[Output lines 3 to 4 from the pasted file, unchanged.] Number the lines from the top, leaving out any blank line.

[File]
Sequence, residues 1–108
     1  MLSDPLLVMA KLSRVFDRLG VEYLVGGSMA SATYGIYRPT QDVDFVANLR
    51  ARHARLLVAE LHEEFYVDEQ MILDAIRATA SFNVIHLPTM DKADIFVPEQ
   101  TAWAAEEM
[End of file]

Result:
    51  ARHARLLVAE LHEEFYVDEQ MILDAIRATA SFNVIHLPTM DKADIFVPEQ
   101  TAWAAEEM